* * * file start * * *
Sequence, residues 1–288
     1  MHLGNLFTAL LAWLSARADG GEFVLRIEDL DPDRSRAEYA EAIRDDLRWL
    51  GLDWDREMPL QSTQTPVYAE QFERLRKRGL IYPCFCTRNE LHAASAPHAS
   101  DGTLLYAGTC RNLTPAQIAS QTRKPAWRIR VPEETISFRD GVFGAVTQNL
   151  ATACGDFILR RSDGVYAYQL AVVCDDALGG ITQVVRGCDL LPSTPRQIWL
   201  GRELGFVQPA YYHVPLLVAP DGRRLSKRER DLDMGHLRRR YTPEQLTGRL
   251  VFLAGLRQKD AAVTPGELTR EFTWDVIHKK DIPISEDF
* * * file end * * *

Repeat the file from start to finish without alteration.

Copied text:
Sequence, residues 1–288
     1  MHLGNLFTAL LAWLSARADG GEFVLRIEDL DPDRSRAEYA EAIRDDLRWL
    51  GLDWDREMPL QSTQTPVYAE QFERLRKRGL IYPCFCTRNE LHAASAPHAS
   101  DGTLLYAGTC RNLTPAQIAS QTRKPAWRIR VPEETISFRD GVFGAVTQNL
   151  ATACGDFILR RSDGVYAYQL AVVCDDALGG ITQVVRGCDL LPSTPRQIWL
   201  GRELGFVQPA YYHVPLLVAP DGRRLSKRER DLDMGHLRRR YTPEQLTGRL
   251  VFLAGLRQKD AAVTPGELTR EFTWDVIHKK DIPISEDF